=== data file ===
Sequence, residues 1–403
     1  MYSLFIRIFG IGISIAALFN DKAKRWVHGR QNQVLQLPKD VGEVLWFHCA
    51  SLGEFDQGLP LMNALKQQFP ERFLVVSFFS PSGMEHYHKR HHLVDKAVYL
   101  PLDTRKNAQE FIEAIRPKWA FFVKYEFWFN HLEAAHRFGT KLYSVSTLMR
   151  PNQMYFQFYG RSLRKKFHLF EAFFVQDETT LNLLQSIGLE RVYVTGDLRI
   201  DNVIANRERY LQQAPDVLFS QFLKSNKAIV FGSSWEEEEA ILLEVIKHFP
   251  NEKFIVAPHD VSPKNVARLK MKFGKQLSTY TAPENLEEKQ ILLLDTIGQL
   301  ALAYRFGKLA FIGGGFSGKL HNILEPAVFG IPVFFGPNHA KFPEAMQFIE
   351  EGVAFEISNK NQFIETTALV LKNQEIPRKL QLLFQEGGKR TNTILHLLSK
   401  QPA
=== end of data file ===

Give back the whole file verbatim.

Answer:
Sequence, residues 1–403
     1  MYSLFIRIFG IGISIAALFN DKAKRWVHGR QNQVLQLPKD VGEVLWFHCA
    51  SLGEFDQGLP LMNALKQQFP ERFLVVSFFS PSGMEHYHKR HHLVDKAVYL
   101  PLDTRKNAQE FIEAIRPKWA FFVKYEFWFN HLEAAHRFGT KLYSVSTLMR
   151  PNQMYFQFYG RSLRKKFHLF EAFFVQDETT LNLLQSIGLE RVYVTGDLRI
   201  DNVIANRERY LQQAPDVLFS QFLKSNKAIV FGSSWEEEEA ILLEVIKHFP
   251  NEKFIVAPHD VSPKNVARLK MKFGKQLSTY TAPENLEEKQ ILLLDTIGQL
   301  ALAYRFGKLA FIGGGFSGKL HNILEPAVFG IPVFFGPNHA KFPEAMQFIE
   351  EGVAFEISNK NQFIETTALV LKNQEIPRKL QLLFQEGGKR TNTILHLLSK
   401  QPA